To the demo.

Iliad

Iliad proves it also successful open source projects in Germany gives: The platform is still very popular, is used at many universities and the fact alone that the Employment Agency Iliad for 100,000 users operates, speaks a clear language (source: Wikipedia). The Backend definitely has the best optics so far. It takes a little bit of navigation for the navigation, but then that too. And there are also plenty of functions. Here, too, the following applies: Iliad has indeed prevailed.
To the demo.

OpenUSS

OpenUSS from Münster seems to be reasonable dead. The links on the homepage lead to nirvana, there has been no update for years - and no demo either, so only the old screenshot here.

Spaghetti learning

The most beautiful name and somehow a likeable project - since version 2 it has been called DoceboLMS. On Sourceforge there is still an update from 2016 that Homepage is dead and there is not much else to see of the pasta system. It's a shame, but it was to be expected.

Eledge

Last update 2013, otherwise only dead links, appear here R.I.P. appropriate?!

Claroline

Our neighbors from France are going into the race with Claroline - and after all, the project still seems active to be. It probably didn't turn out to be the big hit - otherwise large parts of the website would not be available exclusively in French. And the Teacher view suggests that Claroline has at least not made huge jumps since then, maybe you were just satisfied. Everything is very simple and old-school, functionally it hangs behind Moodle or Ilias and there were simply nicer interfaces.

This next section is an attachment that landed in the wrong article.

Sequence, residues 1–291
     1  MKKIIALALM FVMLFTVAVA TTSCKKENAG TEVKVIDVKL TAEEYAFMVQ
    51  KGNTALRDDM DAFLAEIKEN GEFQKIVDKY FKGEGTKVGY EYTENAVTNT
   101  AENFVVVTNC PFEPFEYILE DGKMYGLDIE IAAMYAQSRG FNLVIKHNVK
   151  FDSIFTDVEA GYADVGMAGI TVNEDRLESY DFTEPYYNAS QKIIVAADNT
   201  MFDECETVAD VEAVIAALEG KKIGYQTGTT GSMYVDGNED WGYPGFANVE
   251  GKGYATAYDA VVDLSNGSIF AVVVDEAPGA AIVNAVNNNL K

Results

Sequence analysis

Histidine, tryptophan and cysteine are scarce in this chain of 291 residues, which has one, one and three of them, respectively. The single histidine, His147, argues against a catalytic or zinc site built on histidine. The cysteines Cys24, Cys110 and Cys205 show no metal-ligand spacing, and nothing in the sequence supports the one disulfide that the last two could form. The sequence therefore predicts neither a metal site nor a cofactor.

To the demo.

Conclusion

Here is an excerpt from the work on sustainability:

  • In the opinion of the author, Eledge, OpenUSS and spaghetti learning must be described as critical on this point.
  • The ATutor and Claroline projects are largely stable.
  • Moodle and Ilias are the two largest and oldest and therefore currently the safest OS platforms that are dealt with in this thesis.

Even if this article only takes a cursory look at the current projects, the prognosis seems reasonably accurate - and what's interesting about it? Well, I would take it to mean that today it is a damn good idea not to just blindly buy proprietary solutions, but to deal intensively with open source solutions. The often quoted Doubts about the sustainability of open source “alternatives” are in any case somewhat obsolete. It was already possible to predict whether the projects, which were still extremely young at the time, would survive - WebCT, the market leader at the time, is history.